I went home to process everything that had just happened. Over the next few days the funeral was planned. Though not only the funeral because my sweet baby girl, my first child, was going to try to make her way into the world. She could come at any moment. Yes, my dad passed away before meeting his first grandchild. He had been excited to be a grandfather and couldn’t wait to meet her.
In the next couple of weeks my dad’s funeral was held and he was buried in Alabama. I distanced myself from his family because my father was the only person I could trust. But then, two weeks after the funeral, three days before my dad’s birthday, my daughter Kendyll was born on November 20th at 12:04pm in the same hospital where my dad passed away.
Most dads cry when they hear their baby’s first cry. I couldn’t even cry though because my smile was ear to ear when I saw her pretty face. She looked just like my dad. I couldn’t believe that the worst month had turned into the greatest month of my life. After that I didn’t worry about the family I was born into because I have my own family now. I’m doing much better. My daughter is almost seven months old. My dad is always with me and my sister.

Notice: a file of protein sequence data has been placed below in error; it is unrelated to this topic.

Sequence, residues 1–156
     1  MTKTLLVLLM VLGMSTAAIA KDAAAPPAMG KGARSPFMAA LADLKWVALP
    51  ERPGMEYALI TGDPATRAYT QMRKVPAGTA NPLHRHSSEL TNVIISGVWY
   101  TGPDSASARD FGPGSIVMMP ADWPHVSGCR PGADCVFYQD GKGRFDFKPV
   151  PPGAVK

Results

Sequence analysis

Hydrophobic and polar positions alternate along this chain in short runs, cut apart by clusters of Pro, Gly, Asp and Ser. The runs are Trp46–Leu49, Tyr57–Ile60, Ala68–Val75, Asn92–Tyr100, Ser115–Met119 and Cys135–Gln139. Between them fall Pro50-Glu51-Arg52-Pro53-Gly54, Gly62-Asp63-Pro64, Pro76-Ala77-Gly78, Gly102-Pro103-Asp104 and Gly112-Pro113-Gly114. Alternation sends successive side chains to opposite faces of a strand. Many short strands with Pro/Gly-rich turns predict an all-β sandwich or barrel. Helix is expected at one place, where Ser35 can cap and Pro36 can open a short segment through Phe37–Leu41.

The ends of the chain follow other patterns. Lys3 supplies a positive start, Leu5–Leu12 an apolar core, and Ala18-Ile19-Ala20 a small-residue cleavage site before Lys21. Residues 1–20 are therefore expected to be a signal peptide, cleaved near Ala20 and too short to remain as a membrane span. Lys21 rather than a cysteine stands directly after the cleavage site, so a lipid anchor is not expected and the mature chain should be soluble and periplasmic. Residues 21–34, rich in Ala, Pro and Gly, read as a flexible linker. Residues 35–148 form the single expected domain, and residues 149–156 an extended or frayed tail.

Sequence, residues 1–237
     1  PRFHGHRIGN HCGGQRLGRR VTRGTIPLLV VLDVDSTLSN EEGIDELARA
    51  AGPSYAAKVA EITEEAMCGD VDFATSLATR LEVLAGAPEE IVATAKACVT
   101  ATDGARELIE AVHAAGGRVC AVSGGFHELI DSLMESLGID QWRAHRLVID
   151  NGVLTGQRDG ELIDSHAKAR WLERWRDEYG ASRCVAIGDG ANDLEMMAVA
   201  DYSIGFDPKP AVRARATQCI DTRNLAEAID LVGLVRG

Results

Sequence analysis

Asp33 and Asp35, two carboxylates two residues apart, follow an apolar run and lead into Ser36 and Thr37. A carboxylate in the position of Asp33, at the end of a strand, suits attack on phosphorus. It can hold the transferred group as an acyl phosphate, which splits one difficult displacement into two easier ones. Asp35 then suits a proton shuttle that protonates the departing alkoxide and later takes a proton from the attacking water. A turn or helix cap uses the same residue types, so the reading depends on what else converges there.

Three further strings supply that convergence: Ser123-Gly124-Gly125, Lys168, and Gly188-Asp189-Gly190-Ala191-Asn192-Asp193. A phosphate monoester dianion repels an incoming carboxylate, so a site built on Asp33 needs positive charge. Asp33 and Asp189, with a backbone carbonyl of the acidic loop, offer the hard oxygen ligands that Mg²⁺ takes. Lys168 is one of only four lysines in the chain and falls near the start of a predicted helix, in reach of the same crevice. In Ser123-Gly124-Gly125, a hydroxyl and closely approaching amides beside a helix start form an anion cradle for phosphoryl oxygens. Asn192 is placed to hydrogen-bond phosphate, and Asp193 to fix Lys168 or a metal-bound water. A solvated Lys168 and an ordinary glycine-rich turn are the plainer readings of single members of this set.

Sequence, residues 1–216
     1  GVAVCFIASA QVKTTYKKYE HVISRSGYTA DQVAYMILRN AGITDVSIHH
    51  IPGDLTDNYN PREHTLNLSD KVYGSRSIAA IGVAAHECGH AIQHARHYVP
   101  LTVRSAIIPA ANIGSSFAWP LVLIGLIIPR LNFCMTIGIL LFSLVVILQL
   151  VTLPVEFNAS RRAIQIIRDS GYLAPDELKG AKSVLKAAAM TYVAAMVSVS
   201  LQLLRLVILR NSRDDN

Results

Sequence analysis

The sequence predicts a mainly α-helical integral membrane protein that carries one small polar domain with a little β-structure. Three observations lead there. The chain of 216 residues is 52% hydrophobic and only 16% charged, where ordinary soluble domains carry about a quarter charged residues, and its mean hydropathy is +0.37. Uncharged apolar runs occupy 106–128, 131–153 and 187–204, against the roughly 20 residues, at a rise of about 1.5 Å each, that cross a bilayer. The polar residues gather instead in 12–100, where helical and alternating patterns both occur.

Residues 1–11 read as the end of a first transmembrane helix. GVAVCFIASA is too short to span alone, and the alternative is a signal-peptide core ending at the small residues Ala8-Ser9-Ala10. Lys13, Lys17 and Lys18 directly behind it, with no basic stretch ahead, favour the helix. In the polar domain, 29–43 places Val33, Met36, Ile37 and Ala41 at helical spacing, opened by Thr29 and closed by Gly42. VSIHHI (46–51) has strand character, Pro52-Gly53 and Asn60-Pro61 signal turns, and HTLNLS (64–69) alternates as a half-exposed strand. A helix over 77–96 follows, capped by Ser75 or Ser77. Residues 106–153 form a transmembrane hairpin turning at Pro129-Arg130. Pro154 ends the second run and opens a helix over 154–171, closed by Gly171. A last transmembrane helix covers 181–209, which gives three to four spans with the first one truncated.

Our Brother: Herby Cheser
Story aboutHerby Cheser
Our brother lost his life to Covid-19 at the age of 68 on January 26, 2021. It broke our hearts to send him into the hospital by himself. We didn’t know that cold Sunday afternoon in January when we sent him in that it would be the last time we would see him alive. That was the hardest thing we did. I would call and talk with him on the phone. He would say they don’t know what’s going on. On Wednesday he took pneumonia during the night and they took him to the ICU, put him on a ventilator, and that was the end of his quality of life. He laid in ICU with our only updates from phone calls to the nurses who were too busy to talk to us. Call back, they would say, and, when you did, they sent you word by anyone answering the phones in the ICU.
We were called around 5:30am on January 26th to come to the hospital. He had gotten worse. By 10:43am they took him off the ventilator and he passed a few minutes later. We didn’t get to say goodbye and he never knew we were there. Oh how hard this was. He was our baby brother and we are a very close family. We will never get over this. We are so grateful for the flag on the Capitol grounds in remembrance of him. God bless his sweet heart.